We’re told we can work as much or as little as we want as long as we keep to our schedule. The group chat proved to be an adventure. We could find our schedules there, sure, but we might also get a voicemail from Dina or her right-hand man and sister Tanya (Tee-Tee), angrily yelling at us for too many call-offs or trimmers being late to appointments. The work environment was just this side of professional, but very stringent and very real. Dina runs a tight ship that speaks to her reputation as a renowned trimmer. Expectations were high and mess wasn’t tolerated–we all knew we could be replaced at any moment and problems caused directly affected Dina’s money, and by extension, our money.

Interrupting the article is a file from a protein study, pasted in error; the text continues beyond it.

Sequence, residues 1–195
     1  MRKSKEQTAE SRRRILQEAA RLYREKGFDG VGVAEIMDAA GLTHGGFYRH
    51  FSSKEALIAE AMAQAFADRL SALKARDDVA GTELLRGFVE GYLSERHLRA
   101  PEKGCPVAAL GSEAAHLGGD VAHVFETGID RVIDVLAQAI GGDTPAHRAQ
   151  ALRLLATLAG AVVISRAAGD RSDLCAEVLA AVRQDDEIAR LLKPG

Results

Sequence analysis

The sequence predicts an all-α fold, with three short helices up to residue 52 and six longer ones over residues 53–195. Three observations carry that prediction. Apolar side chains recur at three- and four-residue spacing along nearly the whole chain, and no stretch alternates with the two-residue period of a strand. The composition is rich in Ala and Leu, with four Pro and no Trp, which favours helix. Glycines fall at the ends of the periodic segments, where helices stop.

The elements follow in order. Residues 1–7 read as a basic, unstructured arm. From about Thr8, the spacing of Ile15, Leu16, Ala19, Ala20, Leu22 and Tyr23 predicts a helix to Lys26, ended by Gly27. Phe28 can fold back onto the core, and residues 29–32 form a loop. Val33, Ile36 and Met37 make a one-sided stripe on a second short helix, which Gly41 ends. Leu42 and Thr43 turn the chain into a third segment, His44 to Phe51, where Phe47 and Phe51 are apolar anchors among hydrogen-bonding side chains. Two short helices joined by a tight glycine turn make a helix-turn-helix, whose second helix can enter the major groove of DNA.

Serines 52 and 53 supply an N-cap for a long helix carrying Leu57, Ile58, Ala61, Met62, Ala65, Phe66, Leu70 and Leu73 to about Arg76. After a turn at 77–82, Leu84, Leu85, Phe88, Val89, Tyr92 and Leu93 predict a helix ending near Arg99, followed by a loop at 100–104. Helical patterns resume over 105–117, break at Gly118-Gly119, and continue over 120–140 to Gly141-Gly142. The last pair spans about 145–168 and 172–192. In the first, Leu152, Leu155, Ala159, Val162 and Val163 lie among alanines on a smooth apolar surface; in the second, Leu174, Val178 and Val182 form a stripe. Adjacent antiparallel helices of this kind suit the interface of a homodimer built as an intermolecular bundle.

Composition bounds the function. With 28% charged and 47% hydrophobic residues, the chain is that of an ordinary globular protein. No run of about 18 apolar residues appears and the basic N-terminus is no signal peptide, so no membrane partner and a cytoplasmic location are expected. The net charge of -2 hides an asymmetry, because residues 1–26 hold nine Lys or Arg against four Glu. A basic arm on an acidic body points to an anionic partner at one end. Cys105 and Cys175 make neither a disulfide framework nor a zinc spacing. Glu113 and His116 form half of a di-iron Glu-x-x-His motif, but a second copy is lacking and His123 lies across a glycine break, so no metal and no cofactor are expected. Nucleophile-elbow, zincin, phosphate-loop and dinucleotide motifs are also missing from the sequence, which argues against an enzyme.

If you read the group chats, you might think both Dina and Tee-Tee were suffering from high blood pressure and in urgent need of a long vacation and some business management. But most days were pretty uneventful, and it didn’t detract from the experience of working with a high-level trim company. 

Upon arrival at my first trim day at Goldkine, I was asked to arrive and wait in my car. I texted the group chat that I had arrived, then muted it and started to wait….and wait. Eventually, I realized that the side entrance was where all of the cars were parked. There wasn’t a sign or anything to let me know exactly where to enter, which I understood. Most grow houses are unassuming, nondescript buildings that blend into the background, but Goldkine has a big billboard on the side with beautifully painted murals and artwork aligning every single wall of the facility. You can’t ignore the fact that they’re making weed here–it’s obvious as soon as you cross the threshold.